In any case, this is my proposal. Now, please, flame-on [img]http://public.gamedev.net//public/style_emoticons/default/smile.png[/img]
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I think something like this would only work if mages had permadeath. If not, then no matter how slow and difficult you made the levelling process, you will still end up with a majority of mages in your game.

But yeah, I agree. I've always found it ridiculous that an almost god-like being can be defeated by a highly trained warrior.
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What's to flame - Mages are Hax - at least in a literary sense. Their only downfalls seem to be the culmination of some grand prophecy, a plot by the gods, a lucky blow by some inept barbarian, an unintended byproduct from an experiment of their own devising, taken out by their peers or extreme old age. Oh and lets not forget the old adage of defeated by love.


A lucky blow by some inept barbarian is to justify that bullies do have a future beyond the schoolyard though [img]http://public.gamedev.net//public/style_emoticons/default/tongue.png[/img]


I do like your proposal though that lends itself to the survival of the fittest. The only long-term issue is the amount of qq from those who lack the basic skill sets to successfully navigate their way to the top i.e. [i]make it easier I want to be hax too![/i]
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[quote name='AdrianC' timestamp='1330842126' post='4919104']
I think something like this would only work if mages had permadeath. If not, then no matter how slow and difficult you made the levelling process, you will still end up with a majority of mages in your game.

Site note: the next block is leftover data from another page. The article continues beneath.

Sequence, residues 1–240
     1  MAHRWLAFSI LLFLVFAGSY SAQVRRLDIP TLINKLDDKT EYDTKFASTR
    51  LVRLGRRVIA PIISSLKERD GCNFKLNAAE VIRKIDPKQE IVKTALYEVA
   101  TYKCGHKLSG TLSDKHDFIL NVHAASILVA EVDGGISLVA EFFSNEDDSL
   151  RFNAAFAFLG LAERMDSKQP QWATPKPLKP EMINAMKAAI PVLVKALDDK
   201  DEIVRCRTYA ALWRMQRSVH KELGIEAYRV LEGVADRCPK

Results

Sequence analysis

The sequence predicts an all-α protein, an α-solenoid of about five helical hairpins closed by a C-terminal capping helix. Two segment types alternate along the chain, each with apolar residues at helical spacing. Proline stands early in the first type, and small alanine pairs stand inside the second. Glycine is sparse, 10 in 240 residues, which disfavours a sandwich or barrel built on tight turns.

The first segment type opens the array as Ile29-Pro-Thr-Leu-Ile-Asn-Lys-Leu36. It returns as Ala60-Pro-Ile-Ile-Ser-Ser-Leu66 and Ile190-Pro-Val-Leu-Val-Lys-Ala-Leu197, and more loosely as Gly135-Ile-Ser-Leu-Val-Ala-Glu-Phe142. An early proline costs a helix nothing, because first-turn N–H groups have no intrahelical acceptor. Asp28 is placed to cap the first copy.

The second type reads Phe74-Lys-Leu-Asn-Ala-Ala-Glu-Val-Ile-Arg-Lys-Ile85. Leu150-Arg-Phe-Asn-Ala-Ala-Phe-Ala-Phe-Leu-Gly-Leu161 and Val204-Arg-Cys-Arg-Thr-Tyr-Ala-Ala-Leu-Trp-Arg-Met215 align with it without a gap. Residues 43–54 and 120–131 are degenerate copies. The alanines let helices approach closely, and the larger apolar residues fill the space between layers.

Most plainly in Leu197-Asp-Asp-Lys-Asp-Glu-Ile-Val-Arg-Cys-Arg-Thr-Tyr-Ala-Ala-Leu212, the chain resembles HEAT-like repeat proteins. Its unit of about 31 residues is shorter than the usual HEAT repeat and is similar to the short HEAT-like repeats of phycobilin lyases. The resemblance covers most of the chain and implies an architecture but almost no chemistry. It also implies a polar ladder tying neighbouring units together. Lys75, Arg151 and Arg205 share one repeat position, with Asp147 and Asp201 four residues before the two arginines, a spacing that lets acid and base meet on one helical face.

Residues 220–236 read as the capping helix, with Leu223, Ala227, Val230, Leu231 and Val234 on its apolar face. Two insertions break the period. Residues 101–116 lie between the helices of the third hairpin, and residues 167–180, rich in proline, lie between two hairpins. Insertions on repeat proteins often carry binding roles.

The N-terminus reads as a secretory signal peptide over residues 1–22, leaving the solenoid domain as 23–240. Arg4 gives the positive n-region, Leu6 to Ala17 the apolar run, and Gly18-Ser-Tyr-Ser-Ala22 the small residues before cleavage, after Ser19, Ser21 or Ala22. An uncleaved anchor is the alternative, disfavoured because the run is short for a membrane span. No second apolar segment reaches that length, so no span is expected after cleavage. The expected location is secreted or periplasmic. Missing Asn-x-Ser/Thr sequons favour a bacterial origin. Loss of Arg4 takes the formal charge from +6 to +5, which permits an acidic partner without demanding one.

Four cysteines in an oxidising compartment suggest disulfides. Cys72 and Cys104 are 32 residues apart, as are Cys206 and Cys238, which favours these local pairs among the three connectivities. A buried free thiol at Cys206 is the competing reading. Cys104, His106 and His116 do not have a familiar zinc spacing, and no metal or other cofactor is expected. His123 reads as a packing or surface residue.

But yeah, I agree. I've always found it ridiculous that an almost god-like being can be defeated by a highly trained warrior.
[/quote]
A majority of mages is fine. A majority of Merliln-mages (as I described) would be un-fine. Trying to be a Merlin-mage would be hell on earth for the player. Discouraging god-hood if you will. [img]http://public.gamedev.net//public/style_emoticons/default/smile.png[/img]
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Look at this from the player's point of view: what is the point of being someone else than a mage (except for roleplaying players that just want to run a tawern and chat with others)?

Possible solution:
Make 100 magic towers for the whole game, each tower can hold 1 wizard and 2 apprentices (so 100 big wizards and 200 smaller wizards total). Only mages that own a tower have access to the powerful magic you described, others are just a standard RPG mages. Mages can duel with other mages to take control over a tower.
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[quote name='AdrianC' timestamp='1330842126' post='4919104']
But yeah, I agree. I've always found it ridiculous that an almost god-like being can be defeated by a highly trained warrior.
[/quote]
See [i]Death and Return of Superman[/i], on SNES and Genesis. A beat-em-up with Superman in it sounds like a great idea, except that for some odd reason, Superman can not only be killed by Doomsday, but any old schmuck roaming the streets that night. But hand it to Blizzard, because they just took that and did it anyway because it's a game.

Unfortunately, the game is also very repetitive and the story of Superman's death by Doomsday never did make sense to me, but that's beside the point.
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I think that the problem of mages being hax starts earlier and can't be avoided by letting them get this power later.